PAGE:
What happens next may depend upon the building

KTVU.com, PACIFICA: Owners Of Cliffside Home May Pay For Guard Against Forces Of Nature [John Fowler] – Video – KTVU San Francisco

According to this KTVU story the emergency repairs that added rock rip rap to base of the bluff are all but done, and it is time for owners of the effected buildings along Esplanade Ave. to decide what sort of permanent fix should be done. Today engineers and the building owners met to review options and prices, and a follow-up meeting to discuss owners’ decision is planned for the beginning of next week. The story quotes an estimated cost for repairs at about $1 million and supposes that the cost might possibly be shared by 4 owners. Aside from some pretty pictures and an ominous mention of high waves this weekend (it’s winter and it’s the Pacific – can you say potential for “Mavericks” surf competition?) that’s about it.

Unfortunately, John Fowler, the correspondent in the piece, did not address the critical difference between the problems faced by the 330 Esplanade owners, and that of the neighboring buildings along the bluff. Mr. Fowler also did not mention a permit application already before the Coastal Commission, but it’s unclear to me whether that will ultimately matter much.

330 Esplanade had been “red tagged” – deemed unsafe for human occupancy – and the rock had only stabilized the building’s structure. According to Pacifica (building inspector? sorry, I’m not sure), people will not be allowed back inside until a permanent fix is in place. The neighboring buildings along the bluff were probably never in danger, though the rock rip rap behind them was built up, too. At this point they don’t seem to need any more attention to weather the rest of the winter.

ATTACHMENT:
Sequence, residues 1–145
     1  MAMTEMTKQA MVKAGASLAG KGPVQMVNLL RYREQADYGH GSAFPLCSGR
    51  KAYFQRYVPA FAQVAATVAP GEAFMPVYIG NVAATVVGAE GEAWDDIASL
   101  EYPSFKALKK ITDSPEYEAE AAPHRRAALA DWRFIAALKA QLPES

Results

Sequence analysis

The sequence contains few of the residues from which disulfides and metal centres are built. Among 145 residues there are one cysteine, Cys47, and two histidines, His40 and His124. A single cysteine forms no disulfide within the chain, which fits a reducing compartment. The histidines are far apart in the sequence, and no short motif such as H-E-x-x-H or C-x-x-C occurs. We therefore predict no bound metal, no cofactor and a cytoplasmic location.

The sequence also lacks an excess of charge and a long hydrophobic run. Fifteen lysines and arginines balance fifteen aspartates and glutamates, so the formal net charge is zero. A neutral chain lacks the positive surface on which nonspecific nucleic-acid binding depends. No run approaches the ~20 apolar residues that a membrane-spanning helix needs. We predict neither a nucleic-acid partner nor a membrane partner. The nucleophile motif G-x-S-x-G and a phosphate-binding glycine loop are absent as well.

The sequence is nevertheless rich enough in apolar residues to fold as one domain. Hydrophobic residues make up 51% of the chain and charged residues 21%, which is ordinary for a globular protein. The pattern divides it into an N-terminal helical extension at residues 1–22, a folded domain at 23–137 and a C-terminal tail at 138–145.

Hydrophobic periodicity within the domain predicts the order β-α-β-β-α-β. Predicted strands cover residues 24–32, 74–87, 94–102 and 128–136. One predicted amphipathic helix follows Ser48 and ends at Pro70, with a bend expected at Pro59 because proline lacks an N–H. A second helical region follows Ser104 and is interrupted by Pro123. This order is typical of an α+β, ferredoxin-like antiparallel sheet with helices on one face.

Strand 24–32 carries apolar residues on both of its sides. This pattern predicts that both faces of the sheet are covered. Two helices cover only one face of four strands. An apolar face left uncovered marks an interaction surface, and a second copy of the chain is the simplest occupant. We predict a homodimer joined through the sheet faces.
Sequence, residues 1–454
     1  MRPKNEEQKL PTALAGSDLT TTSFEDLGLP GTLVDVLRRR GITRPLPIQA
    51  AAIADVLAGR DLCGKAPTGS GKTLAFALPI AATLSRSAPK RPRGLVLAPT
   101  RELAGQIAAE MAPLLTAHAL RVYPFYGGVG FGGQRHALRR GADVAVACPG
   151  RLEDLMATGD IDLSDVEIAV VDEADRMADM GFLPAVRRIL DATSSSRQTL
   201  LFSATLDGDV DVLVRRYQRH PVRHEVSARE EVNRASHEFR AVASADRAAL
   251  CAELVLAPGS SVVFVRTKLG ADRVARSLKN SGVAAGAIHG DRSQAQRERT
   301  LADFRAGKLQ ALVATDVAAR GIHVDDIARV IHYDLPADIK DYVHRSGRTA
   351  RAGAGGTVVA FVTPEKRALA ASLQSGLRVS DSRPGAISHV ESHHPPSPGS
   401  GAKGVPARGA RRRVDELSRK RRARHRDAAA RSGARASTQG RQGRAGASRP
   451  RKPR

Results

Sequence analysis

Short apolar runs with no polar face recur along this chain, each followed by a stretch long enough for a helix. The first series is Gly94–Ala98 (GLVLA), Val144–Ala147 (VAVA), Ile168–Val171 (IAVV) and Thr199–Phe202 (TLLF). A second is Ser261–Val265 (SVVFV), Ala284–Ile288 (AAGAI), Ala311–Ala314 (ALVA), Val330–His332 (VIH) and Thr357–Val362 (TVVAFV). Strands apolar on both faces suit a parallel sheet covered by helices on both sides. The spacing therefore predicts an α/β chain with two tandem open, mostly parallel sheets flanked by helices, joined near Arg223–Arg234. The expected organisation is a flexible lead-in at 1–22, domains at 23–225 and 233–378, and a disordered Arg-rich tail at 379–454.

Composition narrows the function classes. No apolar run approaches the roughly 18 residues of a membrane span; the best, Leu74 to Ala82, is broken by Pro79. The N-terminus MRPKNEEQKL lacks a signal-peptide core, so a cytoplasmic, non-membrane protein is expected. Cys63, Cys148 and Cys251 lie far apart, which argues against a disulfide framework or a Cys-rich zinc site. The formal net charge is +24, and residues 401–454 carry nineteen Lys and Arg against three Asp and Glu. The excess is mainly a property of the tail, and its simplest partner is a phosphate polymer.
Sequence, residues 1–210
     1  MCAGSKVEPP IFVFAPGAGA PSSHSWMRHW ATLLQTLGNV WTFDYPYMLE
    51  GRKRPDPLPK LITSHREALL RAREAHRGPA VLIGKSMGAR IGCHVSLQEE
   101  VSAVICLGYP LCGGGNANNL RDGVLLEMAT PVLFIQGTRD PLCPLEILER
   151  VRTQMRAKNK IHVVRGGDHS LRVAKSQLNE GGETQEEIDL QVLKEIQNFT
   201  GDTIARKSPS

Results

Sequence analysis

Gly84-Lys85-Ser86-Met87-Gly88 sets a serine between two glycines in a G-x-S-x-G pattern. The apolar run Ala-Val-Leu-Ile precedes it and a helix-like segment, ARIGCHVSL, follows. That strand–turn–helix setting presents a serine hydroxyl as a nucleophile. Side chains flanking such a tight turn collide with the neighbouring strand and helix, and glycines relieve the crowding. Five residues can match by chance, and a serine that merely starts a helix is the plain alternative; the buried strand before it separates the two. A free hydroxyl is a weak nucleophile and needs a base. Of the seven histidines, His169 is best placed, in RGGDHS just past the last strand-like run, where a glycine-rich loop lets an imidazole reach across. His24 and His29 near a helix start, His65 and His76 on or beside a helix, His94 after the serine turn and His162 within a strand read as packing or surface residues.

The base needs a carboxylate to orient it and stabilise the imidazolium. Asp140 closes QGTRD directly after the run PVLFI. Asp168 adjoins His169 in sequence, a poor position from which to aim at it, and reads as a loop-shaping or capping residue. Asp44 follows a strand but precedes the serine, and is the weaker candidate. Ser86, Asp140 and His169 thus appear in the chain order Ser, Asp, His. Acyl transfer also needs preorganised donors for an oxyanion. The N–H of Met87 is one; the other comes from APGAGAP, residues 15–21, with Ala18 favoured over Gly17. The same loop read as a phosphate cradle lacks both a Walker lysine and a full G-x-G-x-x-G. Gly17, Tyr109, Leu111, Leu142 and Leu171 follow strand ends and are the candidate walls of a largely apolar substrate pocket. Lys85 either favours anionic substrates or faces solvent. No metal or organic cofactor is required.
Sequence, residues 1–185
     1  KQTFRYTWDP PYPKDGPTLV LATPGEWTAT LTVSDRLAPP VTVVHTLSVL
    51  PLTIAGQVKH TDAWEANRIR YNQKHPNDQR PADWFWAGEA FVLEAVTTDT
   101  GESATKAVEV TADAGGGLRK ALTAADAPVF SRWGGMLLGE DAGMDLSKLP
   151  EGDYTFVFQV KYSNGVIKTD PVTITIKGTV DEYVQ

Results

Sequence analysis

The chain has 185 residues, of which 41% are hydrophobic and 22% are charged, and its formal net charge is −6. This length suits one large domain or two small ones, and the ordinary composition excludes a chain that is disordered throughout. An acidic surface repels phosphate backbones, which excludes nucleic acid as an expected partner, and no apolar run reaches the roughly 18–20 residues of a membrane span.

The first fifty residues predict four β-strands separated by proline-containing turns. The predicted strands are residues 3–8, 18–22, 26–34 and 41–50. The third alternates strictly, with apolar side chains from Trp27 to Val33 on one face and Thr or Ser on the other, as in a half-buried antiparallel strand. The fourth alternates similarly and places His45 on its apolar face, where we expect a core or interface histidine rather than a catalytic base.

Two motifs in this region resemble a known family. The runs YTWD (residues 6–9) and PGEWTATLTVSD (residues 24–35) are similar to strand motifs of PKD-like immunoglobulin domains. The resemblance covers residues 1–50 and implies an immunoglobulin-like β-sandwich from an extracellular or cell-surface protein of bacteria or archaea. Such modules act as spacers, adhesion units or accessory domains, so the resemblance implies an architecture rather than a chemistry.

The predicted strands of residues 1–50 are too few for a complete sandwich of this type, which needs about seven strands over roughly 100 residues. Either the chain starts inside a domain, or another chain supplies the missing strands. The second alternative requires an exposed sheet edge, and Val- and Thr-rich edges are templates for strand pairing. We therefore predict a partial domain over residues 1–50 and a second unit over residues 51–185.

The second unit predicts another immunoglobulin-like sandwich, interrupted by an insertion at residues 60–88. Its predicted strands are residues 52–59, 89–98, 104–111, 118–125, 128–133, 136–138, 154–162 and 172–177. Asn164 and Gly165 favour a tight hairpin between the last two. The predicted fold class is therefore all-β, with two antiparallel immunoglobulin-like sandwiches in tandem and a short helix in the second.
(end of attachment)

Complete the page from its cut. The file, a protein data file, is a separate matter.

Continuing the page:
So the owners of 330 Esplanade urgently need 40 foot horizontal soil nails to reinforce the top of the bluff, stronger wave-level armoring, and possibly a full-height concrete sea wall. All that does sound expensive. Meanwhile the other owners may have no urgent need for work to rescue their property at all. No urgent need, but in fact the other buildings do need additional work done to the bluff.

The building owners are currently waiting for the Coastal Commission to take action on a permit application dating back to late 2008 or early 2009. While I have not seen the application myself it has been reported to include sinking a concrete wall 15 feet below sea level to deflect the velocity of the ocean’s waves, and a concrete-and-steel stitch pier retaining wall sunk into the top of the cliff to hold the bluff together. I understand the owners expect to get the permit approved and planned to get the work done this summer, perhaps starting in June.

Since I don’t know more, and I’m neither a part of the engineering team nor a building owner, I can’t judge how similar or different the urgent work is versus the planned permit before the Coastal Commission. I also don’t know if the existing permit application complicates things for the owners. Also unknown (to me) – can the new work be OK’d as emergency repairs, since that seemingly short-circuits the normal slow / conservative Coastal Commission, and would that allow the pending work to start as well? I think it’s safe to guess that work done on an emergency basis during the winter will cost more than if it’s scheduled and during the summer.

Given the different challenges facing the owners of 330 Esplanade and the other owners on the street, I would not be surprised to hear that they want to take different actions, and spend different amounts of money.

The KTVU story’s conclusion was quite correct, we need to wait to hear what the owners decide.

(NOTE: This post is part of my coverage of the cliff erosion and collapse at 330 Esplanade Ave, Pacifica. For a complete chronology and links to many more photos see Evacuation underway at 330 Esplanade.)

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